American Philosophical Society
Member History

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Class
1Name:  Dr. Victor H. Mair
 Institution:  University of Pennsylvania; Hangzhou University
 Year Elected:  2007
 Class:  4. Humanities
 Subdivision:  405. History and Philology, East and West, through the 17th Century
 Residency:  Resident
 Living? :   Living
 Birth Date:  1943
   
 
Victor H. Mair, Professor of Chinese Language and Literature in the Department of East Asian Languages and Civilizations, received his Ph.D. from Harvard University in 1976. He also holds an M.Phil. degree from the School of Oriental and African Studies (University of London). He has been teaching at the University of Pennsylvania since 1979. Professor Mair specializes in Buddhist popular literature as well as the vernacular tradition of Chinese fiction and the performing arts. Among his chief works in these fields are Tun-huang Popular Narratives (1983), Painting and Performance: Chinese Picture Recitation and Its Indian Genesis (1988), and T'ang Transformation Texts: A Study of the Buddhist Contribution to the Rise of Vernacular Fiction and Drama in China (1989). He is also the author, editor, or translator of numerous other books and articles on Chinese language, literature, and culture. Throughout the 1990s, Professor Mair organized an interdisciplinary research project on the Bronze Age and Iron Age mummies of Eastern Central Asia. Among other results of his efforts during this period were three documentaries for television (Scientific American, NOVA, and Discovery channel), a major international conference, numerous articles, and The Tarim Mummies: Ancient China and the Mystery of the Earliest Peoples from the West (2000, with J.P. Mallory). Professor Mair is the founder and editor of Sino-Platonic Papers, General Editor of the ABC Chinese Dictionary Series at the University of Hawaii Press, and series editor for Encounters with Asia at the University of Pennsylvania Press. He has been a fellow or visiting professor at the Swedish Collegium for Advanced Study (2004, 2008), the University of Hong Kong (2002-2003), the Institute for Advanced Study (Princeton, 1998-1999), the Institute for Research in Humanities (Kyoto University, 1995), Duke University (1993-1994), and the National Humanities Center (Research Triangle Park, North Carolina, 1991-1992).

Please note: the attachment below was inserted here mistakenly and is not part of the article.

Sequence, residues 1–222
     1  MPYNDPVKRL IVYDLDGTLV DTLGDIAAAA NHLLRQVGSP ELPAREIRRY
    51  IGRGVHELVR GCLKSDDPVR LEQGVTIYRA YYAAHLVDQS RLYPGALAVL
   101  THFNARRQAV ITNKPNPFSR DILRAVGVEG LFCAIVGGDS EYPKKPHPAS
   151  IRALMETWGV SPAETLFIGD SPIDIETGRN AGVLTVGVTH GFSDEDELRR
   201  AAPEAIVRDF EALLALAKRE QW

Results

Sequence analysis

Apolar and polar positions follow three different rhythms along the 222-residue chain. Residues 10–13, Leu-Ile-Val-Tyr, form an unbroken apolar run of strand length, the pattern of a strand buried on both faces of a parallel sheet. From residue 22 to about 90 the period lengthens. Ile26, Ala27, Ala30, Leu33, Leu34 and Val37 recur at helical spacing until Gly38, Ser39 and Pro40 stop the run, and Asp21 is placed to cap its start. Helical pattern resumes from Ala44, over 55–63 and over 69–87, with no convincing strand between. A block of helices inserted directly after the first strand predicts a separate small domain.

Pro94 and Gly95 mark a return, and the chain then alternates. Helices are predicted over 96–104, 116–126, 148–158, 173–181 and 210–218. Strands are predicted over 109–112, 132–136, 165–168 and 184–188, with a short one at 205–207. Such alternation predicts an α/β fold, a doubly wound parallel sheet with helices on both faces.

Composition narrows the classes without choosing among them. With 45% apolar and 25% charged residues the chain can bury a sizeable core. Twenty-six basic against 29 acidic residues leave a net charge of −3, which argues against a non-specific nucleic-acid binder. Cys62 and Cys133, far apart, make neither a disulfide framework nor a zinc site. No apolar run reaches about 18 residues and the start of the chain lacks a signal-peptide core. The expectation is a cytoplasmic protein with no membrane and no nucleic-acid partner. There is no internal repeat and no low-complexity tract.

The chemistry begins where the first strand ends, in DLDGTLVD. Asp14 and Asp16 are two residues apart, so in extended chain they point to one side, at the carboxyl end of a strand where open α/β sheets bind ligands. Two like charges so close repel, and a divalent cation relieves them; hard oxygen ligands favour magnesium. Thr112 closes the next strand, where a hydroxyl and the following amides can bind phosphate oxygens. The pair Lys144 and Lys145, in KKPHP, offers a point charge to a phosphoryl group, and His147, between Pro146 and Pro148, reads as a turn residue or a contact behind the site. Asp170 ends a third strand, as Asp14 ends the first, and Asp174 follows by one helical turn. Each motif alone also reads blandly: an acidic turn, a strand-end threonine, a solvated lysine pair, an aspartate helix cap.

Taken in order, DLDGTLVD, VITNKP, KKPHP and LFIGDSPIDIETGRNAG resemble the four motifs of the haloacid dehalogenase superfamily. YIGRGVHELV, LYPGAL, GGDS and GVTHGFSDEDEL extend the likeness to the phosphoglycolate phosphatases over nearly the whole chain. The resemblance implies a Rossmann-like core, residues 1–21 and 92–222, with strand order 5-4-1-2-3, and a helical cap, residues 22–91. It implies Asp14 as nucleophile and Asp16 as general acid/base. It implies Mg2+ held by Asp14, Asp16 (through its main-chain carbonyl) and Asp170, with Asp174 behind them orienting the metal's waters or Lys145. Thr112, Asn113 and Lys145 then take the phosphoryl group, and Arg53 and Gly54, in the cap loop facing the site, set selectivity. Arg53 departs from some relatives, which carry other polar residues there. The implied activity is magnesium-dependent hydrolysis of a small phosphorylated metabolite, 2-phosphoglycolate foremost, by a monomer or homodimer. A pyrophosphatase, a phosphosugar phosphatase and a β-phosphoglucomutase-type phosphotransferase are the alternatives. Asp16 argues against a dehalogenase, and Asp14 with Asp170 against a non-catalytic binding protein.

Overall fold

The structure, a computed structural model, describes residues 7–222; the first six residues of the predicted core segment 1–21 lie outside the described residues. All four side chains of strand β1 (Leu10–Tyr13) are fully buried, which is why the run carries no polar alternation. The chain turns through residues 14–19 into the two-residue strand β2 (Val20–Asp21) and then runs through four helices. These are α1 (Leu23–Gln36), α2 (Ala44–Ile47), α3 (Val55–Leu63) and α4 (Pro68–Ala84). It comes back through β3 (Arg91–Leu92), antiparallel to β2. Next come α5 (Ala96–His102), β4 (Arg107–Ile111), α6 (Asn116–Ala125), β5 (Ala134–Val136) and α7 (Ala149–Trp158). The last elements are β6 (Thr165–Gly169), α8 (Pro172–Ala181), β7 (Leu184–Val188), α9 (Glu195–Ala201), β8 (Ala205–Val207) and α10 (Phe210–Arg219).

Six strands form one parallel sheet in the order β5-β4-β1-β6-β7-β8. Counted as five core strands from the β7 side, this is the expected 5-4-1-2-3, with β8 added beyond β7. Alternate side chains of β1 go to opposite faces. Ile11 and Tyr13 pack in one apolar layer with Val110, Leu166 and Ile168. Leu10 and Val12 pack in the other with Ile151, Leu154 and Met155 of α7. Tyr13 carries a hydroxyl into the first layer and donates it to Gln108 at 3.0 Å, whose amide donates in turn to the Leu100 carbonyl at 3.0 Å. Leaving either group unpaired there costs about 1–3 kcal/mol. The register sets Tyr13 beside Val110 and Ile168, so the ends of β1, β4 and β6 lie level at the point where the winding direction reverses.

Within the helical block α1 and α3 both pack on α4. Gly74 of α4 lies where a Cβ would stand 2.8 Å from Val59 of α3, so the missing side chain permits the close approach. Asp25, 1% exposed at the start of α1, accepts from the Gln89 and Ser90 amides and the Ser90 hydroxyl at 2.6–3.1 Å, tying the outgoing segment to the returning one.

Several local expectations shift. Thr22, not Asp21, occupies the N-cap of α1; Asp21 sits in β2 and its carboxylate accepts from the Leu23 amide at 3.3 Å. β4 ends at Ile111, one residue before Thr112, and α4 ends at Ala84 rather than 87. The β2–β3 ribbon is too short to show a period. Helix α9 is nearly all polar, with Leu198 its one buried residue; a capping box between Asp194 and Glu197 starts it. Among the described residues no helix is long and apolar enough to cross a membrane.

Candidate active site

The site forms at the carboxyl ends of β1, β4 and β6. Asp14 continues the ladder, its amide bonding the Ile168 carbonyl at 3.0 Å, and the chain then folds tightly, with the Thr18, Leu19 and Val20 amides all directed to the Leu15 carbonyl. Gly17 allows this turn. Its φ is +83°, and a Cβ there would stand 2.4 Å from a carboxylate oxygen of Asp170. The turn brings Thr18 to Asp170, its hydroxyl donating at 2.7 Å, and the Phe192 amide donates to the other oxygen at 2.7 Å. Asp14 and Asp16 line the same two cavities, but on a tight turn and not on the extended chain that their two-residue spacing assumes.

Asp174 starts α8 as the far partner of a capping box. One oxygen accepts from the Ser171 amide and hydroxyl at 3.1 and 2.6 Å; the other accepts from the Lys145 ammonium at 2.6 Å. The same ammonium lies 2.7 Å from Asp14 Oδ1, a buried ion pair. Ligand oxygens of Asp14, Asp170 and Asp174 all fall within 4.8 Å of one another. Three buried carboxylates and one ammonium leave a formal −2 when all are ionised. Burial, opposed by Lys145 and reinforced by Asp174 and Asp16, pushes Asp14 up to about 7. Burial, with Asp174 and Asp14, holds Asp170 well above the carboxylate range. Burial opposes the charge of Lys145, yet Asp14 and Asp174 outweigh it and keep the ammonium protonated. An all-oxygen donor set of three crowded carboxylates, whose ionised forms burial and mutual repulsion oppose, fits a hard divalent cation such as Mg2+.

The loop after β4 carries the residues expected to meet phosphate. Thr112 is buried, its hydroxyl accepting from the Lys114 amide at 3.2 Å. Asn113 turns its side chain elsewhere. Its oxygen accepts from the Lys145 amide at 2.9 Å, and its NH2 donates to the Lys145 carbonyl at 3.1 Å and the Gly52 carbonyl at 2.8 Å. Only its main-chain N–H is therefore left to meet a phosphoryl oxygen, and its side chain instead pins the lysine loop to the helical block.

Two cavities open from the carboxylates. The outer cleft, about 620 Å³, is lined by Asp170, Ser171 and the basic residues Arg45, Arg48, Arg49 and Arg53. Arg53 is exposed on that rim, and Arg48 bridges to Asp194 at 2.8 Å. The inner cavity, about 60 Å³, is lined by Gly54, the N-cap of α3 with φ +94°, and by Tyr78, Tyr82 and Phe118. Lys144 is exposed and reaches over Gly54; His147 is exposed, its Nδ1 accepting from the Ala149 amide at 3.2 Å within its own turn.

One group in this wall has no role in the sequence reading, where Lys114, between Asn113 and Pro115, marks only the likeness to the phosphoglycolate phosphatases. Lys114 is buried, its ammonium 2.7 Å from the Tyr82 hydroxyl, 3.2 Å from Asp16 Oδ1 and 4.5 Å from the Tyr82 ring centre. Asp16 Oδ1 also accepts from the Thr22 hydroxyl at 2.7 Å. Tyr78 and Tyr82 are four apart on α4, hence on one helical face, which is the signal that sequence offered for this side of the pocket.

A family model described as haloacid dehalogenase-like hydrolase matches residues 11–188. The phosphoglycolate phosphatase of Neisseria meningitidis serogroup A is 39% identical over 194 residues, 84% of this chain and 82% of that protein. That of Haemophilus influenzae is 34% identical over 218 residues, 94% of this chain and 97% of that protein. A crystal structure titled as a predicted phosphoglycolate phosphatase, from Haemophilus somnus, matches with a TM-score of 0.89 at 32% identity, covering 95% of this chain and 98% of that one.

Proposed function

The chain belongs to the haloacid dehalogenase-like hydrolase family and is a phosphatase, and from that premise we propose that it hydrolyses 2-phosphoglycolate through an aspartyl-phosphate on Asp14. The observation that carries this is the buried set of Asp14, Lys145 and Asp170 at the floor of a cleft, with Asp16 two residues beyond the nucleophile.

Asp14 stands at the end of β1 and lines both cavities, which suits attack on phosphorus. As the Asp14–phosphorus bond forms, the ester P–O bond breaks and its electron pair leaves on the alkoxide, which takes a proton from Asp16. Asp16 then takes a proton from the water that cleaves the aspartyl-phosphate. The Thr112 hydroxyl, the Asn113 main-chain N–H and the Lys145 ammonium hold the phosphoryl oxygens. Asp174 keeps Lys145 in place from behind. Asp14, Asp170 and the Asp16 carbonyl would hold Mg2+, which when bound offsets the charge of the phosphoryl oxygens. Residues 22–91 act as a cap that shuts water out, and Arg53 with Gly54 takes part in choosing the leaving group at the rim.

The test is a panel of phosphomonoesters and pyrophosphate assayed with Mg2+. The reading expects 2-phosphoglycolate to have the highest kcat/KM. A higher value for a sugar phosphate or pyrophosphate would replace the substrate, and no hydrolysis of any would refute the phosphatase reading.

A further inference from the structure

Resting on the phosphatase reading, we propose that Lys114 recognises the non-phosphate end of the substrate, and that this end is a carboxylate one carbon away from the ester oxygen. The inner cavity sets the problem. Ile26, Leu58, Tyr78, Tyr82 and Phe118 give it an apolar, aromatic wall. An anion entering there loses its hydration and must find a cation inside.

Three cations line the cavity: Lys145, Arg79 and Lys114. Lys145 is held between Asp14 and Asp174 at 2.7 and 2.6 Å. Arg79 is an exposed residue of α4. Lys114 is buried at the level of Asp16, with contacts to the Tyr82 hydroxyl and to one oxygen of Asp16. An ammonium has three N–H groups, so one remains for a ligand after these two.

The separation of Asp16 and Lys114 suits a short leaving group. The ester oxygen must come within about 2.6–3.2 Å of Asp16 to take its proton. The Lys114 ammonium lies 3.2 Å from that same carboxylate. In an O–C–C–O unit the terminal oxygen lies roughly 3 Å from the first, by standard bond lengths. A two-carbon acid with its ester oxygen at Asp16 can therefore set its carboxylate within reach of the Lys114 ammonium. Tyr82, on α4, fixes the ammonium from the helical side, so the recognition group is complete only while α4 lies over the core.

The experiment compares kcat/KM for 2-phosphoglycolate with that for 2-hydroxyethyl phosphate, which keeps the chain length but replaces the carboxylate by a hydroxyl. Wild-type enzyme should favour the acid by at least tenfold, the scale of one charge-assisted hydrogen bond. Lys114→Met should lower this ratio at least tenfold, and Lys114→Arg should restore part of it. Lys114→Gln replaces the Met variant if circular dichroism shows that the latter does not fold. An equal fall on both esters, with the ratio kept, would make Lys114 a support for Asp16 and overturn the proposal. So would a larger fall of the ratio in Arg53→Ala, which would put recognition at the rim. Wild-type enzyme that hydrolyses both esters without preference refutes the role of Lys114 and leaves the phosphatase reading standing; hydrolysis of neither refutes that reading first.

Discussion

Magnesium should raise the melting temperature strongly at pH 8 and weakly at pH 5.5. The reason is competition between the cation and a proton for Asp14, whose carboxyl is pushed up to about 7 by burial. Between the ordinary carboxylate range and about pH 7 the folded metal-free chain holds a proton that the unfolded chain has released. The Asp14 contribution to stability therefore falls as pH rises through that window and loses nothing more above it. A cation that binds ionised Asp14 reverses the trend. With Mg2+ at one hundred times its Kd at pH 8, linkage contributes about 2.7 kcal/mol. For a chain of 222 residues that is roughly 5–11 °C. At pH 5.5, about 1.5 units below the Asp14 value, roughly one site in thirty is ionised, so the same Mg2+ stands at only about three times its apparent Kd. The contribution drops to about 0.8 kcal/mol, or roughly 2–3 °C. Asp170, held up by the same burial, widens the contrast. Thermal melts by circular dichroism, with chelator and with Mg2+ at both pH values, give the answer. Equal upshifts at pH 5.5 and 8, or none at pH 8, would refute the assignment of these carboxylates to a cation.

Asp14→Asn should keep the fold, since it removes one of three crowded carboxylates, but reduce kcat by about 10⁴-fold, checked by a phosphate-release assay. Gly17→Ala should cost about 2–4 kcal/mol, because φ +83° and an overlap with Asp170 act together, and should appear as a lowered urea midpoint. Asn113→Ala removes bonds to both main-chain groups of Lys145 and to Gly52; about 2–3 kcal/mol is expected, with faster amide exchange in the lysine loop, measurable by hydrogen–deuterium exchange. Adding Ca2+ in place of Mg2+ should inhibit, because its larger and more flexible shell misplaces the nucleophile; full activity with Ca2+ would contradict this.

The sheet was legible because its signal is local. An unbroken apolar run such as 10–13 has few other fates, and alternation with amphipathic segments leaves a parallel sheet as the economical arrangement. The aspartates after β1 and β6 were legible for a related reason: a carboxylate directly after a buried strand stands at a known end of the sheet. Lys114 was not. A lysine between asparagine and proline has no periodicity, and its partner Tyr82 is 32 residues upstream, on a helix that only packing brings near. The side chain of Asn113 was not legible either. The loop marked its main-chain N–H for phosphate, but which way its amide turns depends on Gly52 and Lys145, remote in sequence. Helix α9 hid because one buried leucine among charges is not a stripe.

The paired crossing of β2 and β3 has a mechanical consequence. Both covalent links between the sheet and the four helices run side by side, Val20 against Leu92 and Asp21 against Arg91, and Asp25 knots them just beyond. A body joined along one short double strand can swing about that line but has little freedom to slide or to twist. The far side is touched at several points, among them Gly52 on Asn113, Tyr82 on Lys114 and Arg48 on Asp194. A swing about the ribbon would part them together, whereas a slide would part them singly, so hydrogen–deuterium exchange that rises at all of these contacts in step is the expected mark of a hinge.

Election Year
2007 (1)